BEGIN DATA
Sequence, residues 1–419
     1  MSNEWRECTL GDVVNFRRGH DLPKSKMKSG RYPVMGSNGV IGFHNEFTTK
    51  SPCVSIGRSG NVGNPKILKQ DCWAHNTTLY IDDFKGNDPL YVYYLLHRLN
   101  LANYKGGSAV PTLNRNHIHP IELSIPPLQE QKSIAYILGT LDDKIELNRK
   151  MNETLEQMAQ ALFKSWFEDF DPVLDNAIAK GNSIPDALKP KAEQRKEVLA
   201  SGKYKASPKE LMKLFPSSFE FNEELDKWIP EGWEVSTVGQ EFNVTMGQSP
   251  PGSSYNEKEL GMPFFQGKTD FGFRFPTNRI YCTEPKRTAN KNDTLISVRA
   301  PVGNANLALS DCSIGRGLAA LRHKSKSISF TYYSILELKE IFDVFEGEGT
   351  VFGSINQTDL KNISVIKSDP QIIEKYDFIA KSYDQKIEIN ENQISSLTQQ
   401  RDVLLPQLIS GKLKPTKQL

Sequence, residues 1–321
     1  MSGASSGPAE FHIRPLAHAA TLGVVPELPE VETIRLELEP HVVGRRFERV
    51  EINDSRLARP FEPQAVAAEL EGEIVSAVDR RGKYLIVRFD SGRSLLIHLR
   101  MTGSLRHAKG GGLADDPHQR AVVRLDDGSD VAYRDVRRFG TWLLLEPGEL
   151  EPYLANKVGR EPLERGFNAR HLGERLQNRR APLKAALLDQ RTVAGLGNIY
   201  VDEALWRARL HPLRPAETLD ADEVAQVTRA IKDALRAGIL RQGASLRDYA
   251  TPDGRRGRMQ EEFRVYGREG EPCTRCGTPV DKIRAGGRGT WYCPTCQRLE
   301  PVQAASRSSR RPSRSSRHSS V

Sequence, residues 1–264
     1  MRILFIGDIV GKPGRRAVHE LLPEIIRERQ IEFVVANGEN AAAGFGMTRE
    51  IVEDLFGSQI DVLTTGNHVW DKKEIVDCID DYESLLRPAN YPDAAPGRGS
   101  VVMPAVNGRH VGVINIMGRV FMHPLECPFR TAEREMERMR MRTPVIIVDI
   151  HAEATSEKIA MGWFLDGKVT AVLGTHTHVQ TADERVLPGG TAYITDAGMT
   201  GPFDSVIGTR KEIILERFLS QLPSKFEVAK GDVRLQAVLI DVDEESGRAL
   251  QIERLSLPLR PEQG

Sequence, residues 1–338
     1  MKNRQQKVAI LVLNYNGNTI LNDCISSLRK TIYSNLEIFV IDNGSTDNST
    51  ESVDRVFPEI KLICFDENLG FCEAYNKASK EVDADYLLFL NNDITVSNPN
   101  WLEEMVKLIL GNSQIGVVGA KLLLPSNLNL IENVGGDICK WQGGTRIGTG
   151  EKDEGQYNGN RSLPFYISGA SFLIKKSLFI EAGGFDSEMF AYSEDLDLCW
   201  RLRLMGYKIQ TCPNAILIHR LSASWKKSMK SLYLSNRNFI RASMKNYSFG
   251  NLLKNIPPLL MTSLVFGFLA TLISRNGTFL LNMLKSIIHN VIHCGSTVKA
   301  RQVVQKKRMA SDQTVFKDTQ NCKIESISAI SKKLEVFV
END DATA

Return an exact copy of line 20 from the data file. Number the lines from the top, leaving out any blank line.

     1  MRILFIGDIV GKPGRRAVHE LLPEIIRERQ IEFVVANGEN AAAGFGMTRE